safer because I thought about September 11th every day." Are we safer?

The former President did mention the economy. (How could he not in Michigan?)

According to those there, he proclaimed his faith in the free market; but he did "admit"

there might have been a slight, small, ever-so-insignificant failure to regulate financial

institutions and activities. Oh, really? A little lax regulation was the only problem? A

$300+billion tax cut for the rich, a trillion dollar war, a $700 billion Medicare Prescription

Drug Program, a castrated SEC, and the destruction of all depression era fire walls meant

to prevent this very meltdown from happening again had nothing to do with the economic

state that we are in today?

A strong and vibrant economy is the key to America's strength. The ability of

American's to provide for their children, educate them, pay their bills, etc., is central to

an enduring nation. The belief that the future will be better and the creation of hope

enables a people to overcome adversity. In fact, we know that a country with a strong

military, but a weak economy, is a recipe for disaster.

Yet, the recently retired President reports that "America has not been attacked."

In the eight years of the Bush Administration, this country has been attacked by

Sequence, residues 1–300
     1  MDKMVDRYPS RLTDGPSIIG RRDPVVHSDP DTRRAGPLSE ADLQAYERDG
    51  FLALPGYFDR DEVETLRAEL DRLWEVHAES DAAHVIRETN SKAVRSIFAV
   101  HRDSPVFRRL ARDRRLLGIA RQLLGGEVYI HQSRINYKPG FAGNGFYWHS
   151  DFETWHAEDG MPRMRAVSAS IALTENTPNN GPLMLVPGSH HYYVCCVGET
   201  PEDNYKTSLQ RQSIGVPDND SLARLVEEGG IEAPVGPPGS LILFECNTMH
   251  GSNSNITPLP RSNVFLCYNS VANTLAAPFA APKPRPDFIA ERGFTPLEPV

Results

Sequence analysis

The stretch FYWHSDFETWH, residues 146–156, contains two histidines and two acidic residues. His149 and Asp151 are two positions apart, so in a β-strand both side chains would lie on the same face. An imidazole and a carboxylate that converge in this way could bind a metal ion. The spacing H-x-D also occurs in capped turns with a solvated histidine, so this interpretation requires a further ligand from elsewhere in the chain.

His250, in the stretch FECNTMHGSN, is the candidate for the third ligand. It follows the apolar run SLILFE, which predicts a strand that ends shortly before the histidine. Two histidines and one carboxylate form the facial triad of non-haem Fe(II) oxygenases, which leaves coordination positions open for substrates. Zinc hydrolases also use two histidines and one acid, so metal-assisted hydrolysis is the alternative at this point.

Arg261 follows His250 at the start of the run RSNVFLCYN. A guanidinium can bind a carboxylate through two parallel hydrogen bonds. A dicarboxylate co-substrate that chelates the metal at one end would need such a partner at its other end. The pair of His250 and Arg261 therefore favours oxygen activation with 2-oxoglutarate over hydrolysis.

terrorists, engaged in unnecessary war, ruined it's relations with its allies, wrecked the

economy, diluted and watered down civil liberties, and endorsed the concept of the

Presidency in which the President can act as a virtual dictator while we are "at war."

Why would bin Laden attack us again? For $500,000 he caused us to do more damage

to this nation than he could ever do with a second attack.

The former President is trying to rehabilitate his reputation one speech at a

time. He will write a book telling us again how September 11th was the most important

event of his Presidency and how he never stopped thinking about it. In the end, it will not

work, for there is no looking glass big enough nor mushroom powerful enough to forget

the reality that Bush left this nation weaker and more divided and less capable than he

found it. What do you think? I welcome your comments and rebuttals. Please send them


1 comment:

  1. The massive debt with which Bush has burdened future gnerations of Americans should ensure that he continues to be despised.